New Delhi [India], Apr. 11 (ANI): As the second leg of the Budget Session comes to a conclusion tomorrow, former union finance minister P. Chidambaram on Tuesday slammed the Centre for being unable to bring clarity in the state of economy adding the Congress was relieved that no additional harm was done to the economy.
"This Budget Session was special because of the passage of the GST Bills. The country expected that at the end of the Budget Session, thanks to the debate and information provided by the government, there would be a greater clarity about the state of economy. But, unfortunately, there is no such clarity," Chidambaram said.
"At the end of the day, we are no less wiser than we were at the beginning of the session," he added.
The senior Congress further criticised the Centre for "poor" allocation of funds and alleged that defence, agriculture and fertiliser subsidy received less funds in the 2017-18 than the previous financial year.
"In the Appropriation Bill, we had pointed out the priorities of the government were wrong and allocation of funds was poor the most affected sectors, programmes were defence, agriculture, MGNREGA, fertiliser subsidy and food subsidy, and Pradhan Mantri Gram Sadak Yojana," Chidambaram said.
"All of them will receive less funds as the percentage of GDP in 2017-18 less than they received in 2016-17," he added.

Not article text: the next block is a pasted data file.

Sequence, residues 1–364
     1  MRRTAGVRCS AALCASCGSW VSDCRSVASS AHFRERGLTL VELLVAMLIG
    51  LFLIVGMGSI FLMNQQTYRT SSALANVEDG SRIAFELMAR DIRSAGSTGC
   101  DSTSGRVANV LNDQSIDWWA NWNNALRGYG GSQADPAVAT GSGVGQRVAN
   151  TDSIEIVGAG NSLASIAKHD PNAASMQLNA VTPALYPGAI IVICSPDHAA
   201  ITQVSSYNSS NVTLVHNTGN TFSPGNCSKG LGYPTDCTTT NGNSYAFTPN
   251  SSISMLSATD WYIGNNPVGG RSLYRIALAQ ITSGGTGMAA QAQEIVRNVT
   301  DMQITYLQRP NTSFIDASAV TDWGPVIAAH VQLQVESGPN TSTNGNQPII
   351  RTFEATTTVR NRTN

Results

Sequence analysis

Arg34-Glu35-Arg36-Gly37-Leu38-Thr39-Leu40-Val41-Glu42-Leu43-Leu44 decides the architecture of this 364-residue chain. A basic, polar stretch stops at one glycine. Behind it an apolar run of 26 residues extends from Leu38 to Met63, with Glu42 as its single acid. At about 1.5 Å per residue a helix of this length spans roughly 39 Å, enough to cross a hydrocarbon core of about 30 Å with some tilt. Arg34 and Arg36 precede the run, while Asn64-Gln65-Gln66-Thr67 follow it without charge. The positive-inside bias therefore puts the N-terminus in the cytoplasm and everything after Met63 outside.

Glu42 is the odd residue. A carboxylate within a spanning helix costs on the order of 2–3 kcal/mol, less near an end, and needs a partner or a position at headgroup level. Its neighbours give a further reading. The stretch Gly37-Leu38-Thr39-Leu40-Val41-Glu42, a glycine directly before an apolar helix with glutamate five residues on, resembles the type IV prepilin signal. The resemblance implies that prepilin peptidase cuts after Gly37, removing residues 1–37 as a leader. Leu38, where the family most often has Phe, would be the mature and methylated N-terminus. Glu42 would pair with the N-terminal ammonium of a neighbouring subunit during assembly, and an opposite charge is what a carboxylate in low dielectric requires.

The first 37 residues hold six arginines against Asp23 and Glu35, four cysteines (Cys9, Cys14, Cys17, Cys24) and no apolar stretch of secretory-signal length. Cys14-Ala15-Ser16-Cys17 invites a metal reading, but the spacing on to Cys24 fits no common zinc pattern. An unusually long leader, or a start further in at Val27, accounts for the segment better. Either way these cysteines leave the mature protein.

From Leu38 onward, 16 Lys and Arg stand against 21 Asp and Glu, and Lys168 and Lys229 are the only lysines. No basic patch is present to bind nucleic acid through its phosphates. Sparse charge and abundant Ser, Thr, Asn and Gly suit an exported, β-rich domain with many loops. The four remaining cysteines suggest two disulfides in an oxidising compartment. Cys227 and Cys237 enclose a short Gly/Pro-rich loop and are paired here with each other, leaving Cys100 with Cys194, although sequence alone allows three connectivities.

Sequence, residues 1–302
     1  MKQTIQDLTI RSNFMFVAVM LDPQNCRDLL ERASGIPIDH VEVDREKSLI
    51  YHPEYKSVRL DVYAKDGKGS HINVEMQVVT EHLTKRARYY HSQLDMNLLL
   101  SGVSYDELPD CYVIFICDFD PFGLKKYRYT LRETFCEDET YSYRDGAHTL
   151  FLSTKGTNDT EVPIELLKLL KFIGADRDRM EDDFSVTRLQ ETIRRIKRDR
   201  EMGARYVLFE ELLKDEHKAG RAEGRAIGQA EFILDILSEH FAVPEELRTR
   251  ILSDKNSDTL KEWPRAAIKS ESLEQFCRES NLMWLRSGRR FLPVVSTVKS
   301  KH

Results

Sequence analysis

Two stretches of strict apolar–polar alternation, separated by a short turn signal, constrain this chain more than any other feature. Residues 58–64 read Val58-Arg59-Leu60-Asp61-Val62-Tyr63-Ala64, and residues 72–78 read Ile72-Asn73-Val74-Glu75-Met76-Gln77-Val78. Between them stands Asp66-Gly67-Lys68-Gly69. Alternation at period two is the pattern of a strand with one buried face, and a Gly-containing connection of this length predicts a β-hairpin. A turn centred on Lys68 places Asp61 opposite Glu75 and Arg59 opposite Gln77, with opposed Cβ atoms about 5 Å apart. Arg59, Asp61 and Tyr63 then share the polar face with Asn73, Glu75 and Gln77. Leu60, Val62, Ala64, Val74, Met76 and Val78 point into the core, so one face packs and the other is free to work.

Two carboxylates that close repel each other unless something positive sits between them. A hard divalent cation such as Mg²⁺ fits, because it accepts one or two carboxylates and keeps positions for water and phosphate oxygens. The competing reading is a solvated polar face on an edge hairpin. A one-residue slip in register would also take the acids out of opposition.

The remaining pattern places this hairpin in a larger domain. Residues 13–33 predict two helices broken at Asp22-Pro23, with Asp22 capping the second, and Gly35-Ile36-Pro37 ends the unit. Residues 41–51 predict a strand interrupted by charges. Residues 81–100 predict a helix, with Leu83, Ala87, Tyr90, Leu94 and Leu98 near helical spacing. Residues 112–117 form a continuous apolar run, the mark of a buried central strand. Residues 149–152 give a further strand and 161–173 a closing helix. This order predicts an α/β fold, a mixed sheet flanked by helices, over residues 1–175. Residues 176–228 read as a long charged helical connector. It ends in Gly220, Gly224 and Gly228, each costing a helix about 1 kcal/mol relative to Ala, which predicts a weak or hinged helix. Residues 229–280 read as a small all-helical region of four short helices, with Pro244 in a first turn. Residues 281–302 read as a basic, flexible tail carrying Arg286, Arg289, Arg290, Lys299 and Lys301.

Chidambaram also chided the Prime Minister Narendra Modi-led government for introducing Income Tax amendment Bill and electoral bonds related bill under Money bill instead of Finance Bill.
"The Finance Bill was passed as a money bill where it would be apparent to anyone familiar with article 110 of the constitution that it ceases to be a money bill upon the addition of matters filling out of article 110. The sole purpose was to avoid the scrutiny of the Rajya Sabha. It was an assault on the Constitution of India," he said.
The Centre recently made at least 40 amendments to the Finance Bill, 2017, that was passed as a money bill by the Lok Sabha.
The amendments, which include key Income Tax Act changes, would give sweeping powers to tax officials.
The amendments gave fodder to the opposition that slammed the government for bringing back 'inspector raj' in the country.
Union Finance Minister Arun Jaitley, during his budget speech in February 2017, announced introduction of electoral bonds as a way for political parties to find funding and cut black money and corruption. (ANI)